With the Bookings feature, health care workers or organizations can conduct and schedule customized branded consultations for their customers. As an example, a calendar view in the Teams app can show a doctor when patients are available for consultations. Adding a message or details in Teams via Bookings will then send out a customized automated invite to allow the customer to join online in one click. This is especially important at a time when telemedicine is needed to help combat the spread of Covid-19.

“Covid-19 is impacting every aspect of our lives, how we work, our social interactions, or family lives, as well as life in our communities. Our top priority is public health. We recognize the role of technology and how it can play a supporting role for those working tirelessly to reduce the impact of Covid-19. From health care providers staying connected with telehealth solutions, schools and universities teaching via remote learning, to businesses of all sizes,” said Nadella.

As for the Walkie Talkie feature, it doesn’t depend on traditional radio waves often used by policemen or firefighters. Messages are instead transmitted through the internet, via a button in the Microsoft Teams app. This not only makes the communication secure but opens up the possibility for more devices specially designed for Teams. In fact, Microsoft partnered with Samsung so the new Galaxy Xcover Pro has access to Teams’ walkie- talkie feature even when the device is locked.

Microsoft is also expanding the Teams device ecosystem for first-line workers in industries like manufacturing or oil and gas. Through a new integration between Teams and RealWear head-mounted devices, first-line workers will soon be able to access information and communicate hands-free with remote experts from their job site. As an example. this can be useful for a  worker who is at a manufacturing site and needs to diagnose a broken HVAC unit.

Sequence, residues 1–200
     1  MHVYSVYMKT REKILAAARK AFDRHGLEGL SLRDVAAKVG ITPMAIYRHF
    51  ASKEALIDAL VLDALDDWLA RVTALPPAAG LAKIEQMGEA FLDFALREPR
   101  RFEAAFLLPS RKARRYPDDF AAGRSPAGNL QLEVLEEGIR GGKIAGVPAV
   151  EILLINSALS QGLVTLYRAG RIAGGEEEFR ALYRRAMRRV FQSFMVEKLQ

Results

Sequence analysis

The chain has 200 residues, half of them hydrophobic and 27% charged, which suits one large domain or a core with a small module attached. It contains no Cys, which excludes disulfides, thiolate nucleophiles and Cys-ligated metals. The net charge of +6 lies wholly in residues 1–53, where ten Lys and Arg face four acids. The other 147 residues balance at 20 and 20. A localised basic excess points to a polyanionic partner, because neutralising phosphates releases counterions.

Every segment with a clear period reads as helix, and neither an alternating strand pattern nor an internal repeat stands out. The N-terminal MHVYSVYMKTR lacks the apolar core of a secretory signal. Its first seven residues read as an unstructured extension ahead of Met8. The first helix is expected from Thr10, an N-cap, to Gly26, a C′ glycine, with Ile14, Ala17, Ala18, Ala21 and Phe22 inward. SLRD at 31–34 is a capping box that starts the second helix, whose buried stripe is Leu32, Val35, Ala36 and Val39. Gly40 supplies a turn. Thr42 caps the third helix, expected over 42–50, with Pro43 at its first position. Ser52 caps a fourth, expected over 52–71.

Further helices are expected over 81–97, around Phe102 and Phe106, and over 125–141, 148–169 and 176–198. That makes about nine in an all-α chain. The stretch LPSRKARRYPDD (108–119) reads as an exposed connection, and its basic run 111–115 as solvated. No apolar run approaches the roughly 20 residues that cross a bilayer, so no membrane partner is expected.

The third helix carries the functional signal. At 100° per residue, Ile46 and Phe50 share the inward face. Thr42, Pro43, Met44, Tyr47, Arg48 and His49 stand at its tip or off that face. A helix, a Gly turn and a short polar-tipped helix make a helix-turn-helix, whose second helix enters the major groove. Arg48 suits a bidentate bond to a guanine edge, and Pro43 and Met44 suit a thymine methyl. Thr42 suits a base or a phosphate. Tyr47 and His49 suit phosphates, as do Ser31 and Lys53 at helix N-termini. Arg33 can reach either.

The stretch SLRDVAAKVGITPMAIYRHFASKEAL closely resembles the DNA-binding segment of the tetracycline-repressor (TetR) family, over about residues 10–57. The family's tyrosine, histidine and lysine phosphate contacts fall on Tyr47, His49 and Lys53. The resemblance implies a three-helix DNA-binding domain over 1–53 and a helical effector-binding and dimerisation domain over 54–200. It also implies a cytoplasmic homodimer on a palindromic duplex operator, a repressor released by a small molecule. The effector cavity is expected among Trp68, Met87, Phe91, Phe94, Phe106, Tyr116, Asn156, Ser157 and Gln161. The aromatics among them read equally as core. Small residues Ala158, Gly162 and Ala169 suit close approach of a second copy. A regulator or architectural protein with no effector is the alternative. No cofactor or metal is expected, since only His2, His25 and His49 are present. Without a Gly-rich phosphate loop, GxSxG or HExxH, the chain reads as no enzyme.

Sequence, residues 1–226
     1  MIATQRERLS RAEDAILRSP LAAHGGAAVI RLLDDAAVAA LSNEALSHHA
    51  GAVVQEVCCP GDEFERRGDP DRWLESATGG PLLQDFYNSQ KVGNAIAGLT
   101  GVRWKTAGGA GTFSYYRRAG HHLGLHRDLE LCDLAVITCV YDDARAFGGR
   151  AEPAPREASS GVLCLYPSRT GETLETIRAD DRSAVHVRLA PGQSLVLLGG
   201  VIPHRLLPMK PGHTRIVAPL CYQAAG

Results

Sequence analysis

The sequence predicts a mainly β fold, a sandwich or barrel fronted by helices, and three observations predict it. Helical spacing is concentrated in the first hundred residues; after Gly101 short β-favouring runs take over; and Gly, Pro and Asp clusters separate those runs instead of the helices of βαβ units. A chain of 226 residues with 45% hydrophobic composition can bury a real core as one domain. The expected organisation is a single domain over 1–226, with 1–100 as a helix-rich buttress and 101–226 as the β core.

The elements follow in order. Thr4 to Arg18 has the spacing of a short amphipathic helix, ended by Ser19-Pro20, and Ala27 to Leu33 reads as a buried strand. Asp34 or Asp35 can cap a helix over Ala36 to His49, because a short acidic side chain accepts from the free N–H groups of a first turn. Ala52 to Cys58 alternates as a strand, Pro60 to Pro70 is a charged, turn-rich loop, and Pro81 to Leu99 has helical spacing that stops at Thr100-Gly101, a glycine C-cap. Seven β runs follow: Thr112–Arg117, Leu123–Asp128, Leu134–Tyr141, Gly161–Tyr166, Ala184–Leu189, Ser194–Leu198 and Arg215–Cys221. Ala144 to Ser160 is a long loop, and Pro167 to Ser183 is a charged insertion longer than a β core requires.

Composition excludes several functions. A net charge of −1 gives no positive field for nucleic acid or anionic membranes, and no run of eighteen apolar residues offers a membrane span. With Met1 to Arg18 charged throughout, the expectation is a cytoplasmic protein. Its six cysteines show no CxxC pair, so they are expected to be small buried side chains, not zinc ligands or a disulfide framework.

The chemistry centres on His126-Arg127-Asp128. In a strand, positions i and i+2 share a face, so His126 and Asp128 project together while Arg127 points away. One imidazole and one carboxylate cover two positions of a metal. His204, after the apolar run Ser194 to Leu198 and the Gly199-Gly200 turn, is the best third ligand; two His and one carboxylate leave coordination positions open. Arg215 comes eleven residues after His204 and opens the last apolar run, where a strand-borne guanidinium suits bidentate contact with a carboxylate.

With Teams and RealWear head-mounted devices, the worker can make a call right from their current view and with their helmet using their voice. Combined with the software power of Teams, cameras and microphones on the helmet give the person on the other end of the call a live stream and a better idea of how a situation can be diagnosed.

Microsoft is announcing that the Yealink VC210 is now generally available. This is the first collaboration bar certified for Teams. It is able to bring together speakers, a microphone, a camera, and the Teams app to deliver a quality meeting experience for smaller conference rooms.

Microsoft will also launch a Microsoft 365 Business Voice. It is a new offering for small and midsized businesses that make Teams a complete phone system. A new Microsoft 365 Enterprise plan will also include more licensing options for first-line workers.

The future of work has arrived

According to Microsoft, its own operations in the Seattle area have shifted to online-only. About 50,000 Microsoft employees are being told not to commute to work, but their work continues through the power of Microsoft Teams.

As more of the workforce heads online due to coronavirus, Microsoft Teams continues to evolve as a work-from-home and health provider solution.

“We have seen, and our customers have seen that with Teams, their [workers] are still connecting, they’re still getting work done. Teams is the tool that allows them to do that,” said Jared Spataro, corporate vice president of Microsoft 365.